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Why Did Europe Win?

Sunday, July 31, 2005
The airing of a Guns, Germs, and Steel documentary has sparked some interesting discussion. The book itself is attempting to explain why Europe, the Middle East, China, and India developed economically and the rest of the world didn't. Some people are wondering why Diamond didn't also answer why, among the civilized regions, it was Europe that ended it being the most advanced region by the time of 1600 or so (via Kevin Drum).

I agree with Kevin that this is an interesting question but not a fair critique of Diamond's book, since it's a question he never really asked. But the "geography as destiny" principle at the heart of Guns, Germs and Steel can also be applied to question of Europe's modern success. India, the Middle East, and China are dominated by river valleys and great plains. This means that whenever one military power gains a marginal advantage, it can usually control the entire region. So there has been a tradition of political unity in those three areas of the world. Rulers tend to like as little change as possible in order to preserve their authority, and as such promote cultural homogeneity and encourage ethics of hierarchy and subordination. Such cultural patterns tend to inhibit commercial or intellectual development in any truly radical ways. Hence the basic continuity of Indian, Middle Eastern, or Chinese civilization.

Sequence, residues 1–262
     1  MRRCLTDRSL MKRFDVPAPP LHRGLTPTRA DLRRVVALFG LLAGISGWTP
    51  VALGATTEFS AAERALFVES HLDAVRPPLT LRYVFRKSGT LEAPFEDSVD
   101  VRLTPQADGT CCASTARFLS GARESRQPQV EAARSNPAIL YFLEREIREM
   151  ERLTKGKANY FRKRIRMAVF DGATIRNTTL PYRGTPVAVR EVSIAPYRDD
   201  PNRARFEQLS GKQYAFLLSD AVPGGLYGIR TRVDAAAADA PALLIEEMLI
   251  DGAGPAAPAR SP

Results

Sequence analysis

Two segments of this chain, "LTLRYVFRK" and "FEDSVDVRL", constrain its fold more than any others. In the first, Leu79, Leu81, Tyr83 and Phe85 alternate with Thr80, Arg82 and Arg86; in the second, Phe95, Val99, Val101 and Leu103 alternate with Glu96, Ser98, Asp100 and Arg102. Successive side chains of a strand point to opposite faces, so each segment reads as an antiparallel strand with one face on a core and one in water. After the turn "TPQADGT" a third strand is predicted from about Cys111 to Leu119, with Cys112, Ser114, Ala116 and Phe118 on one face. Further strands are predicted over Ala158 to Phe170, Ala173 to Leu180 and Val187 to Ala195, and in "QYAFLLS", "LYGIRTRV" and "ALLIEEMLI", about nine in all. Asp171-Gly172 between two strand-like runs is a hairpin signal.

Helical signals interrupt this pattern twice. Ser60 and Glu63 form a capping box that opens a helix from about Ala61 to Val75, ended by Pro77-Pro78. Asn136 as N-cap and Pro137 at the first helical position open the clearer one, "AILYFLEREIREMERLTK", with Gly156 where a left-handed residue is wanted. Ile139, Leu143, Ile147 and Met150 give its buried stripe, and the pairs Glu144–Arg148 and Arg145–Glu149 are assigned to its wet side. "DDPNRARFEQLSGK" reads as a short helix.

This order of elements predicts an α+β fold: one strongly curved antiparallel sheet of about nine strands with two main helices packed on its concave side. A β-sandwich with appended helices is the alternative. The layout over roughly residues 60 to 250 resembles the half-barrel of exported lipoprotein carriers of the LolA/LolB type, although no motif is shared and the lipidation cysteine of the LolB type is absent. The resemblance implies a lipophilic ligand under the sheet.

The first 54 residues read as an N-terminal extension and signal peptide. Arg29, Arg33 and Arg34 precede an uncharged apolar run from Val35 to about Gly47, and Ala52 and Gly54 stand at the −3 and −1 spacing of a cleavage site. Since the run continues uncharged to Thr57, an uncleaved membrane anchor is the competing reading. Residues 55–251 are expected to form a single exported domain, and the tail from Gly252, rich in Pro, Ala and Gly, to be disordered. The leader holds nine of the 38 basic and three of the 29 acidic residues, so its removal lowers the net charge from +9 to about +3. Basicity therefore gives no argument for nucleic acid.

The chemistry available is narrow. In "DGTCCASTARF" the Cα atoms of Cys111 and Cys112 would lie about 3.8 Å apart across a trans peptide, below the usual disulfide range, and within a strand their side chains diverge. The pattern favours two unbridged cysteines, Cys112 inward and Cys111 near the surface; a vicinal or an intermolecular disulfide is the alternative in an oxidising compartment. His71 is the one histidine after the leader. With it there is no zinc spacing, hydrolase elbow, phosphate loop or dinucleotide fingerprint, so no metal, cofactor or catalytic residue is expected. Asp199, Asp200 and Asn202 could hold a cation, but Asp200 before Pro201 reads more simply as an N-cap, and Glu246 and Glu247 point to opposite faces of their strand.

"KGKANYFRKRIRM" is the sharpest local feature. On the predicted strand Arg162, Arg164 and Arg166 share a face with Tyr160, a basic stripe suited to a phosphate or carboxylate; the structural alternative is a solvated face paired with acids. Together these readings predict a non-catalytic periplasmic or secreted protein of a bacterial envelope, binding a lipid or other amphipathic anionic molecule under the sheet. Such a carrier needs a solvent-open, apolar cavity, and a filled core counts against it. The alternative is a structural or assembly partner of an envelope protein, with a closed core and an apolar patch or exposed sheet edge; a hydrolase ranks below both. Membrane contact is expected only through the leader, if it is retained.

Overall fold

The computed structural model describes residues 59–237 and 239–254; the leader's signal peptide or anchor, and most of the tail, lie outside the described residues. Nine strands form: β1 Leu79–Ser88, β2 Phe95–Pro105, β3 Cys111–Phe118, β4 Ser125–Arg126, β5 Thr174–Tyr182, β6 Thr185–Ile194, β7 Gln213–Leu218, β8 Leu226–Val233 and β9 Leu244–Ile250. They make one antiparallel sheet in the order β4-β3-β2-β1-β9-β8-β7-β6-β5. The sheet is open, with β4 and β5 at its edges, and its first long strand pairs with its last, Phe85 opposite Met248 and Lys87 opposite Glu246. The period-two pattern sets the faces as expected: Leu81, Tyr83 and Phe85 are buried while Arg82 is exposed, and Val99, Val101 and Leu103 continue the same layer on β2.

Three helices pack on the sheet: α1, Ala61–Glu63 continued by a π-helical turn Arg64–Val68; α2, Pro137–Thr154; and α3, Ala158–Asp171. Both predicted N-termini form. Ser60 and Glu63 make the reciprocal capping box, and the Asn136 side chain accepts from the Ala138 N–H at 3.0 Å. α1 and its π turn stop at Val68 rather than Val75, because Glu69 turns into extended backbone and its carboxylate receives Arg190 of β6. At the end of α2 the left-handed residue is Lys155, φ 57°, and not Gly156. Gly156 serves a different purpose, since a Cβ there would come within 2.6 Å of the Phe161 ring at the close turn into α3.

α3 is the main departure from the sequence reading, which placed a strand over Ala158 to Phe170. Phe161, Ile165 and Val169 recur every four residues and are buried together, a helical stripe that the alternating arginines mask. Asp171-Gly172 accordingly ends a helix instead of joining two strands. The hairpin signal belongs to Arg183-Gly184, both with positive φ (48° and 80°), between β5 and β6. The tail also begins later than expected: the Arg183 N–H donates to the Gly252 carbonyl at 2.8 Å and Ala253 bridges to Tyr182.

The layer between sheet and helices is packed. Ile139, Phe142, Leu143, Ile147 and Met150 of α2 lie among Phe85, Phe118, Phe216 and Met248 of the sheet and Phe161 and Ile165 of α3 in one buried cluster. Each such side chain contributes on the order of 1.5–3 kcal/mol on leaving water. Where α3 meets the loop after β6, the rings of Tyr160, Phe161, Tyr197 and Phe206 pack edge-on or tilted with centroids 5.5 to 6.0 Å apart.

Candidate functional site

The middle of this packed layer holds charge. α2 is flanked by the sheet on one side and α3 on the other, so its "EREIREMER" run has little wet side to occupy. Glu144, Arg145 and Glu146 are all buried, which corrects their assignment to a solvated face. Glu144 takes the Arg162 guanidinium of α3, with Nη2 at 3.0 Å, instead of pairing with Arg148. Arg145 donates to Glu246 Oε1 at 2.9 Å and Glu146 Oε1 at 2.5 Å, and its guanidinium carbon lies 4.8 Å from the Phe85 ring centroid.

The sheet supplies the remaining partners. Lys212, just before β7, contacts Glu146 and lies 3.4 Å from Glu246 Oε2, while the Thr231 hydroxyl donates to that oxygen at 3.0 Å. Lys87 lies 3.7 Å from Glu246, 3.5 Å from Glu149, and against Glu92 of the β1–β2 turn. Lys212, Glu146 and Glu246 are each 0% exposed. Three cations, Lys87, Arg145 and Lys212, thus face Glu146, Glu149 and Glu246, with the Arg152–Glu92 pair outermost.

Europe's history is very different, in part because its geography is so different. Rather than a region dominated by a few big river valleys, it is divided by mountain ranges, has a lot of large peninsulas (Spain, Italy, the Balkans, Scandinavia), and a bunch of islands. This phenomena has made Europe a region characterized not by political unity but political pluralism. The diversity of politics has prevented any one cultural, ethical, or religious model from maintaining any real long-term dominance. The competition between these states created a motive for continuous improvement given the permanent military and technological "arms race." If you as a ruler are constantly at war with states just as strong as you are, you're always going to be ready to try new things and will always need a lot of money - making merchants and industrialists a heck of a lot more important than they would be with no local rivals. Finally, this political fragmentation & competition probably had something to do with European exploration, since all of the European Great Powers were always on the lookout for any extra territory or trade that might give them an edge.

Now I don't think that geographic determinism is the only reason why some regions prosper and others stagnate. Europe could have gone in a very similar direction if the Roman Empire hadn't collapsed (a fall which was in no way inevitable) or if someone like Charlemagne or Charles V had managed to create a durable political supremacy (which they very easily might have done).

So dumb luck and individual leaders can also make a difference in the fate of civilizations. But geography is one very important explanatory factor, one Diamond is simply using to analyze the grand sweep of human history. As such it's something we shouldn't minimize when wondering why even individual nations, like the United States or Britain, have done as well as they have.
Posted by Arbitrista @ 7:08 AM
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